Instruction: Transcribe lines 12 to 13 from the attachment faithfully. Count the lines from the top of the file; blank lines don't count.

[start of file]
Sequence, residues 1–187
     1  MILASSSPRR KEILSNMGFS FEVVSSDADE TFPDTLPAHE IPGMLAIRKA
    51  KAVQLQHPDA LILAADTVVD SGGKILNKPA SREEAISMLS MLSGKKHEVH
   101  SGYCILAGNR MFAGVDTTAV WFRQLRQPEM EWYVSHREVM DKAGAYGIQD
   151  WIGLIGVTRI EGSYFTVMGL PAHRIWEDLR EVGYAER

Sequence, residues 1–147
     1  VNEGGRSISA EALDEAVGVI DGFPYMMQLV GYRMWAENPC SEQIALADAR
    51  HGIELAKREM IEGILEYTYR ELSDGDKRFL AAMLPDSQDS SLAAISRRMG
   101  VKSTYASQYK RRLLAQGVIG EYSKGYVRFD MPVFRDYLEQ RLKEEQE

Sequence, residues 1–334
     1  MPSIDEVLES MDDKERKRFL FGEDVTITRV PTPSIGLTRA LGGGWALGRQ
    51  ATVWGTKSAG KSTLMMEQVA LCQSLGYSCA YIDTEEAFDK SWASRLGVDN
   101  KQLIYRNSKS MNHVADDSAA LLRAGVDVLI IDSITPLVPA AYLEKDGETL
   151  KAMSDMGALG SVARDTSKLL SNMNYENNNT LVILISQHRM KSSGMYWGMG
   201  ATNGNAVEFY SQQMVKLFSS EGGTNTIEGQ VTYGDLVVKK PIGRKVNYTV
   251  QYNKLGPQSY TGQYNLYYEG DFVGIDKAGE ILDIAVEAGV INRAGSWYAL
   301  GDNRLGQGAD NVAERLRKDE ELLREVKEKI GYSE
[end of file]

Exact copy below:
    51  ATVWGTKSAG KSTLMMEQVA LCQSLGYSCA YIDTEEAFDK SWASRLGVDN
   101  KQLIYRNSKS MNHVADDSAA LLRAGVDVLI IDSITPLVPA AYLEKDGETL